Alcohol-impaired driving: average quantity consumed and frequency of drinking do matteredit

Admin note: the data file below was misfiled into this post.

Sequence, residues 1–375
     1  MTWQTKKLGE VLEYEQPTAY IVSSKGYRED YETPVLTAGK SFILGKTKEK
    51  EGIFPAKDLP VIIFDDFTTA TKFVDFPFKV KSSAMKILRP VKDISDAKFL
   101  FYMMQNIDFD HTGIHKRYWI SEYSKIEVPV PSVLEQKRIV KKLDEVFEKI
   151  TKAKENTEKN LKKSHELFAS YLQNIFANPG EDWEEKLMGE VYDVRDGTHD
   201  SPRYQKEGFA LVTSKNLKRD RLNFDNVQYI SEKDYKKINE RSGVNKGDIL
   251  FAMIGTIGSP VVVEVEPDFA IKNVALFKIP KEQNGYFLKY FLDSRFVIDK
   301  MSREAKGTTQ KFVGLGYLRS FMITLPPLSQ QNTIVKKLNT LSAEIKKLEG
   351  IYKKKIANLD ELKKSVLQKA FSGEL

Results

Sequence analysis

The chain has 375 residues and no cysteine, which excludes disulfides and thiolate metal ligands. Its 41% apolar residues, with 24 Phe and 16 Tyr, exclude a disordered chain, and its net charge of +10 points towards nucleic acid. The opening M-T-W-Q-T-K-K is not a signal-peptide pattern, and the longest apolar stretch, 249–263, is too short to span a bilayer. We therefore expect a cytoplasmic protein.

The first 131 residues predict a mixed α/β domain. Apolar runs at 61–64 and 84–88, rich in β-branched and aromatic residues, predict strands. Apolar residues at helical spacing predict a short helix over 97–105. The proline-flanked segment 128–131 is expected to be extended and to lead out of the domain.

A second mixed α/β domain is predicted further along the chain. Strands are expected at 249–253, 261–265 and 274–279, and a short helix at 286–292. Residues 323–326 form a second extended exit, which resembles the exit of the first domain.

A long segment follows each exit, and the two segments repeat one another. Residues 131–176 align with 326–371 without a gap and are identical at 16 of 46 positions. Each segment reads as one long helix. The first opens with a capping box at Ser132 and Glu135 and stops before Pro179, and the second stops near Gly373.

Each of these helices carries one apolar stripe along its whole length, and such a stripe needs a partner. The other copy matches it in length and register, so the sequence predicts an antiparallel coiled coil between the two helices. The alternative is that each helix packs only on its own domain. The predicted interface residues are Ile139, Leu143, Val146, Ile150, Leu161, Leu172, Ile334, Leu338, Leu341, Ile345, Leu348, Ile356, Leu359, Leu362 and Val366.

The objective of this article is to estimate and validate a logistic model of alcohol-impaired driving using previously ignored alcohol consumption behaviors, other risky behaviors, and demographic characteristics as independent variables. The determinants of impaired driving are estimated using the US Centers for Disease Control and Prevention’s (CDC) Behavioral Risk Factor Surveillance System (BRFSS) surveys. Variables used in a logistic model to explain alcohol-impaired driving are not only standard sociodemographic variables and bingeing but also frequency of drinking and average quantity consumed, as well as other risky behaviors. We use interactions to understand how being female and being young affect impaired driving. Having estimated our model using the 1997 survey, we validated our model using the BRFSS data for 1999.Drinking 9 or more times in the past month doubled the odds of impaired driving. The greater average consumption of alcohol per session, the greater the odds of driving impaired, especially for persons in the highest quartile of alcohol consumed. Bingeing has the greatest effect on impaired driving. Seat belt use is the one risky behavior found to be related to such driving. Sociodemographic effects are consistent with earlier research. Being young (18-30) interacts with two of the alcohol consumption variables and being a woman interacts with always wearing a seat belt. Our model was robust in the validation analysis. All 3 dimensions of drinking behavior are important determinants of alcohol-impaired driving, including frequency and average quantity consumed. Including these factors in regressions improves the estimates of the effects of all variables.